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Peering down the sink: bacterial isoprene metabolism reviewed


Peering down the sink: bacterial isoprene metabolism reviewed

Isoprene (2-methyl-1,3-butadiene) is an unusual trace gas which is release into the atmosphere, mainly by trees, in huge amounts (>500 million tonnes per year). Chemical reactions of isoprene with other atmospheric compounds, such as hydroxyl radicals and inorganic nitrogen species (NOx) make isoprene a potent climate-active gas. During an ERC Advanced grant we have been investigating how bacteria grow on isoprene and help to mitigate climate effects due to its release into the atmosphere. The current state of knowledge on the global isoprene cycle is shown in the figure above. In a recent review in Environmental Microbiology, ELSA Lab members Robin Dawson, Andrew Crombie and Colin Murrell, together with collaborators from Radboud and Sheffield Hallam University, describe the use of a suite of molecular genetics and ‘omics approaches to elucidate the mechanisms and pathways of isoprene metabolism by bacteria. They review the current knowledge of isoprene metabolism, largely gathered through their ERC-funded project (2016-2022) and highlight key areas for further research on this fascinating and unusual group of microbes. For further details see:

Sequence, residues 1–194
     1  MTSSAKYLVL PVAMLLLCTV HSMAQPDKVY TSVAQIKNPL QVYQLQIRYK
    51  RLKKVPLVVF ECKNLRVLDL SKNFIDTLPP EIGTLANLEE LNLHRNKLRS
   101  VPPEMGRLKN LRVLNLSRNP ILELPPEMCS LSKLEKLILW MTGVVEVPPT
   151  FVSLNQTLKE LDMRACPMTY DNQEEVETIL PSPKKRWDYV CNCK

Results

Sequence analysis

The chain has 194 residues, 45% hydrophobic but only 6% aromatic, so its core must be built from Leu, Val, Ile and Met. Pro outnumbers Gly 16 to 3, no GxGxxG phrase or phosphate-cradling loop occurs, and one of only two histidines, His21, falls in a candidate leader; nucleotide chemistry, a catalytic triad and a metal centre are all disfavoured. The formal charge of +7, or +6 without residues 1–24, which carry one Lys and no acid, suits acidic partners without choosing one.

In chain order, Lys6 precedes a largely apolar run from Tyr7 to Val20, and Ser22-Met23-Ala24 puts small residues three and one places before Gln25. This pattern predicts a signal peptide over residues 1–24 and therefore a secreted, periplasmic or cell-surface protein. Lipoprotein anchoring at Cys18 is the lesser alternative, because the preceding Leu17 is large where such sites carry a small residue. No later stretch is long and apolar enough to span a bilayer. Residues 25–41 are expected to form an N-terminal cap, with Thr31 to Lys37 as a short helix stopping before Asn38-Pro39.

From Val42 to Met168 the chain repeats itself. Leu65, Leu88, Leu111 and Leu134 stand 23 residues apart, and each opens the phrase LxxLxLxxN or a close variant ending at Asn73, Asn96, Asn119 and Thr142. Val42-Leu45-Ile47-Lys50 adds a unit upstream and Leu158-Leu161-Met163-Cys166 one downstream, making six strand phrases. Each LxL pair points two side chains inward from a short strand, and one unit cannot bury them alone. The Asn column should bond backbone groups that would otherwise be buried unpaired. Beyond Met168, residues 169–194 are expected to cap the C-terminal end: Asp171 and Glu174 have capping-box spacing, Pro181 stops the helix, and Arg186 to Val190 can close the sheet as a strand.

Robin Dawson, Andrew Crombie, Robert Jansen, Thomas Smith, Tim Nichol, Colin Murrell (2022)

Peering down the sink: A review of isoprene metabolism by bacteria. Environmental Microbiology